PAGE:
Why has 2024 summer arrived early, and why is Kerala unbearably hot

Illustration: Manorama

Thiruvananthapuram: Wild animals roaming around in human settlements even by the last week of January was an early sign that the summer of 2024 was possessed by evil spirits. There were already warnings that abnormal heat was precipitating a food and water crisis within the forest.

By the second week of February, the heat felt across Kerala was intense like never before during February. The 38.5 degrees Celsius recorded in Kottayam and Kannur by the middle of February was the highest ever the mercury had shot up in Kerala during February; it continues to be 38 degrees Celsius in the Palakkad and Kollam districts.

The heat seems both unrelenting and intensifying. 2023 was the hottest year in 124 years and India Meteorological Department (IMD) has warned of a hotter summer in 2024. The IMD's 'Outlook for the Seasonal Temperatures During the Hot Weather Season (March to May), 2024' put out on March 1 said that "above normal monthly (March 2024) minimum temperatures are likely over most parts of the country".

As it turned out, the summer is not just hotter it has also arrived at least a month in advance.

Power gluttony
Like animals, humans too have behaved in abnormal ways. Power consumption in Kerala crossed 100 million units in the first half of March. Never before has daily consumption crossed 90 MU in March.

Power use touched 100 MU on March 11 and has since kept inching up by the day. On March 13, it was 101.91 MU, which is close to the record. On March 14, consumption dropped a bit, to 101.51 MU. The highest-ever daily consumption recorded was on April 19, when the intake was 102.99 MU.

Reason One: Boy’s mischief
This unusually high temperature can be traced to a phenomenon linked to Jesus Christ. It is called El Nino.

Every seven years, during Christmas time, the sea surface temperatures over the Pacific Ocean near the equator warm up to an unusual degree, by 3-4 degrees Celsius. The Spanish sailors christened this Christmas time phenomenon El Nino, meaning 'the boy'.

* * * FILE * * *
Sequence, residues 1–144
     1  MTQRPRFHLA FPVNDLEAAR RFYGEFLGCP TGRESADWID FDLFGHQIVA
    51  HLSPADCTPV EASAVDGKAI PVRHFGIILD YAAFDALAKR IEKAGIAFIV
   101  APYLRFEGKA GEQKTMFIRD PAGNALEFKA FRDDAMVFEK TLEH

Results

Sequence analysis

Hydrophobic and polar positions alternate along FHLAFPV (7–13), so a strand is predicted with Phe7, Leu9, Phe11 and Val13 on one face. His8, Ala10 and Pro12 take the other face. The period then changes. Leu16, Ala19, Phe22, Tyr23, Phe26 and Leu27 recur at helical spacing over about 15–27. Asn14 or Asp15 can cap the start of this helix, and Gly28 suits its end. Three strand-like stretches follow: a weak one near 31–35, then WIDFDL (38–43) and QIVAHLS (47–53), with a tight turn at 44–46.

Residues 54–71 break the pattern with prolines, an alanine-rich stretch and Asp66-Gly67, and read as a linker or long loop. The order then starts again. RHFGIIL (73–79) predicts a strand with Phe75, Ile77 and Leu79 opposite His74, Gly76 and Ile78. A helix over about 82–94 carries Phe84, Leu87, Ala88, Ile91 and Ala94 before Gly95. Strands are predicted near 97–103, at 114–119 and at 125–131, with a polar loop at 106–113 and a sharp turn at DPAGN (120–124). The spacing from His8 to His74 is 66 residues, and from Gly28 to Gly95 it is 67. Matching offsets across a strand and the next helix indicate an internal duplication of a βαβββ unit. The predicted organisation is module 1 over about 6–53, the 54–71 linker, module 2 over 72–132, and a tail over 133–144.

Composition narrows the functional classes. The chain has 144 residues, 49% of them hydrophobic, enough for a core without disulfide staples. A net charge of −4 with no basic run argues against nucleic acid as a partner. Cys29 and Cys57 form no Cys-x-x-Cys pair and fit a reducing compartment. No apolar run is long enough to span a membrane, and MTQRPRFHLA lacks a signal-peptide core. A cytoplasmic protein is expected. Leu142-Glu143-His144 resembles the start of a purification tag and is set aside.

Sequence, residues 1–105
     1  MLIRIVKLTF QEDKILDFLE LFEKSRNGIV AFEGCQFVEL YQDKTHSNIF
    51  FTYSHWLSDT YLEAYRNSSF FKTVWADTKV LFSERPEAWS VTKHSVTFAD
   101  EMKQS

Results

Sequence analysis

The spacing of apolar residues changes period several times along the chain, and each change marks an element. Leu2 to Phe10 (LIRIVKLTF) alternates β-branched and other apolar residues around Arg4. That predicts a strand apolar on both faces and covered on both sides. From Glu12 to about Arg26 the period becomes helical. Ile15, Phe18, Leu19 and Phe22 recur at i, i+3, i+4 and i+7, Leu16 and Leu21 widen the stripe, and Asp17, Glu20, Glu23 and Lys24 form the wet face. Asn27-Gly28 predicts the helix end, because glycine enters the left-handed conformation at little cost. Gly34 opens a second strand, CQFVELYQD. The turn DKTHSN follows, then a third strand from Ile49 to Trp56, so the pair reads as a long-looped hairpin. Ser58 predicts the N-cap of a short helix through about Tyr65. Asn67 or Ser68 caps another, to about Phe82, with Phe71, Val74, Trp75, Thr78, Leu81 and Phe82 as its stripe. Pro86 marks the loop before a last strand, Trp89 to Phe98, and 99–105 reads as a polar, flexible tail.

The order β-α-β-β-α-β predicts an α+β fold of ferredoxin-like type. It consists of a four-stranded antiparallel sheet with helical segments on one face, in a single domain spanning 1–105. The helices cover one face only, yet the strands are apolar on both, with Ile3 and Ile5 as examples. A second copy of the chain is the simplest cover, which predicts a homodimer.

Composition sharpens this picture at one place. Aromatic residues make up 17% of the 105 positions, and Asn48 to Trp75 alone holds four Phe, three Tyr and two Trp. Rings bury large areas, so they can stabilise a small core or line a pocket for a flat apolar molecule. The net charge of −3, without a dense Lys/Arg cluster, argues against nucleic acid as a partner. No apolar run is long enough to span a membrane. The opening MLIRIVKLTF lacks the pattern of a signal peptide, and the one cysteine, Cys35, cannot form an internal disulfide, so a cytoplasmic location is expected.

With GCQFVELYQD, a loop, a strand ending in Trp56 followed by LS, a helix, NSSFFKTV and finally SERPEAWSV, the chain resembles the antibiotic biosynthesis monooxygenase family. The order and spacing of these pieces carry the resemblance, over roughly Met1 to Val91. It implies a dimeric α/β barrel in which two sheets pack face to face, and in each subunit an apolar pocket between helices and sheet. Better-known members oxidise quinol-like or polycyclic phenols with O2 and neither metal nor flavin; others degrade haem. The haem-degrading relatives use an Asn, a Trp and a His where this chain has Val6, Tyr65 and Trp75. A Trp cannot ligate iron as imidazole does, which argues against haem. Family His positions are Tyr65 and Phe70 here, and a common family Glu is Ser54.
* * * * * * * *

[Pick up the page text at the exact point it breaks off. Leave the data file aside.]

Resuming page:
2023 was an El Nino year, and the condition has spilled over into 2024. When 'the boy' exerts his influence, hundreds of thousands of square kilometres of the Pacific Ocean will heat up. When the sea surface temperature rises, the heat would spread to the air above it causing the air laden with water vapour to move up. This leads to the formation of rain clouds. So there will be rain in the east and central regions of the Pacific Ocean, in South America and bits of Europe.

Illustration: Manorama

While he brings rain to certain places, 'the boy' can play mischief in other areas. While he sends up air over the Pacific he would pull it down in areas far away, especially over the Indian landmass.

Dr M G Manoj, a scientist with the Advanced Centre for Atmospheric Radar Research - CUSAT, said atmospheric movements across the globe were connected. "When the air moves up over the equator in the Pacific Ocean a chain reaction happens that pulls down the air over the Indian landmass," Manoj said.

This clockwise descending movement of air is called anti-cyclone. "Only if there is ascending motion will rain clouds form. When there is descending motion, there will be a clear sky and no rain," Manoj said. Cyclonic movement, on the other hand, creates rain.

This continuous descent of air during an anti-cyclone creates a compression at the surface of the earth. This causes what scientists call "compressional warming" just above the surface. "When this happens, hot air is not allowed to go up. It will be trapped in the surface causing surface temperatures to boil," Dr Manoj said. This anti-cyclone condition that precipitates compressional warming has been persisting over the Indian landmass, especially South India, since the first week of February.

Reason Two: Sea trouble
This alone is not responsible for the unusual heat. Thanks to global warming, the Arabian Sea that lies along the west coast of India has warmed up to a high degree. Studies say that sea surface temperatures have gone up by one to 1.5 degrees Celsius. Hot atmospheric waves from the Arabian Sea are now blowing over the Kerala coast, amping up the heat in coastal regions.

This intense heat can play havoc with our bodies. In the coming days, mainly because of the heat waves blowing from the sea, humidity is expected to rise.

Hyperthermia threat
Usually, sweating is a cooling mechanism of the body. We use the extra heat in our body to vaporise the sweat and thus bring the body temperature down. But if humidity increases beyond a point, our body would sweat but it would not be able to activate its cooling mechanism.

"When the humidity is high we cannot push out the sweat in our body as a vapour because the atmosphere is already hyper-humid. The body will lose the ability to rid itself of sweat. So we keep sweating. This can lead to a condition called hyperthermia, which is nothing but the overheating of the body," Manoj said.

Glad tidings
The IMD has predicted rain or thundershowers in certain parts of Kerala on March 20 and 21.

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